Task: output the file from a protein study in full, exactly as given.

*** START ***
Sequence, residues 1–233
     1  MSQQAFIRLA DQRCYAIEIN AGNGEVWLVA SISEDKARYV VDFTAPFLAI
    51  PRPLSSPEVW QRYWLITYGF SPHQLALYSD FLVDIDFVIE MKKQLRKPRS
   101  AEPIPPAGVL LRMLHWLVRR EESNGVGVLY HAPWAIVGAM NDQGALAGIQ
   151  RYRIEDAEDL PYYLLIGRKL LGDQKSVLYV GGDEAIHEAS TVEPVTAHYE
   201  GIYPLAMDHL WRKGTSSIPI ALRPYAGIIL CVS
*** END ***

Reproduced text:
Sequence, residues 1–233
     1  MSQQAFIRLA DQRCYAIEIN AGNGEVWLVA SISEDKARYV VDFTAPFLAI
    51  PRPLSSPEVW QRYWLITYGF SPHQLALYSD FLVDIDFVIE MKKQLRKPRS
   101  AEPIPPAGVL LRMLHWLVRR EESNGVGVLY HAPWAIVGAM NDQGALAGIQ
   151  RYRIEDAEDL PYYLLIGRKL LGDQKSVLYV GGDEAIHEAS TVEPVTAHYE
   201  GIYPLAMDHL WRKGTSSIPI ALRPYAGIIL CVS